Agee Timing provides both hardware and software. A US based timing company created by runners for runners (according to website). A competitively priced product. RFID systems integrate with reusable active tags and the software can handle automatic race line photos, video, photo-booths and results kiosk. Usually used in conjunction with RunSignUp or RaceRoster registration platforms.



Chrono Track is a large American company, very popular in marathons and larger mass-participation events. Uses the B-tag passive system, which can be attached to the back of a number bib or the larger Tri-Tag (an active chip). Both are touch-free systems working on RFID sensing.



Emit is a Norwegian company that is most well known in Orienteering and Cross Country Skiing. The timing chips come as plastic ‘bricc’s’ or ‘emiTags’. They can hold between 20-50 checkpoints. Competitors must manually ‘punch’ each checkpoint with the bricc’s, but the emiTag is ‘touch-free’. The timing chips are manually ‘read out’ (times downloaded then uploaded) at the end of the race. Clubs and associations often buy their own kit, but orienteers often buy their own Emit. However, hire of all kit required is possible as well (through selected partners).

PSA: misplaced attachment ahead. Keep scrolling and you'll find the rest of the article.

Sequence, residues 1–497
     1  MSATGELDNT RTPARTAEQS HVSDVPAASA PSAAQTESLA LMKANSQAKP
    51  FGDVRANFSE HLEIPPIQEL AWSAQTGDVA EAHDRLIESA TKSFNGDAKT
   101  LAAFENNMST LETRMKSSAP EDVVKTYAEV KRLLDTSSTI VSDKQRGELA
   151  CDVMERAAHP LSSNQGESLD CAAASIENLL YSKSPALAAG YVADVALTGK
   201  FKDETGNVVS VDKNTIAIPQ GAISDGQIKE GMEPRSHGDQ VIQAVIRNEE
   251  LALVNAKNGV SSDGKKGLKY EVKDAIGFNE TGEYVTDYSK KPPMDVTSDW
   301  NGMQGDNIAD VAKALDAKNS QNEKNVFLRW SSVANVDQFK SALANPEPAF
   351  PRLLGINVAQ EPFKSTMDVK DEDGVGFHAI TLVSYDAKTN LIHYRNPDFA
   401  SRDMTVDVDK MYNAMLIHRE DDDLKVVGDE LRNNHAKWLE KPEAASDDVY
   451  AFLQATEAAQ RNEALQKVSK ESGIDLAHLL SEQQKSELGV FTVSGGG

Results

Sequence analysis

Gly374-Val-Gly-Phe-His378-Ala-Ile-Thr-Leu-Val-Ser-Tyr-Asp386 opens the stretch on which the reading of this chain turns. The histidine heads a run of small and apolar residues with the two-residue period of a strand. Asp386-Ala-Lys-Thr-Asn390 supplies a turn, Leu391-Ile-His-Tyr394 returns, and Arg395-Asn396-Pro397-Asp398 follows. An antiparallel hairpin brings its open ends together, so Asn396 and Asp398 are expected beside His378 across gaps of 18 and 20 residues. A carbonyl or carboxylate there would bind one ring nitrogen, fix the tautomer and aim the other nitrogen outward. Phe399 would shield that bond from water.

Freelap is a Swiss company producing lightweight and easy to handle hardware for chip-timing of training across various sports. Chip times and checkpoints possible – automatically transferred after finish by bluetooth to the MyLaps app. Could feasibly be used in smaller events, though not suitable for mass participation.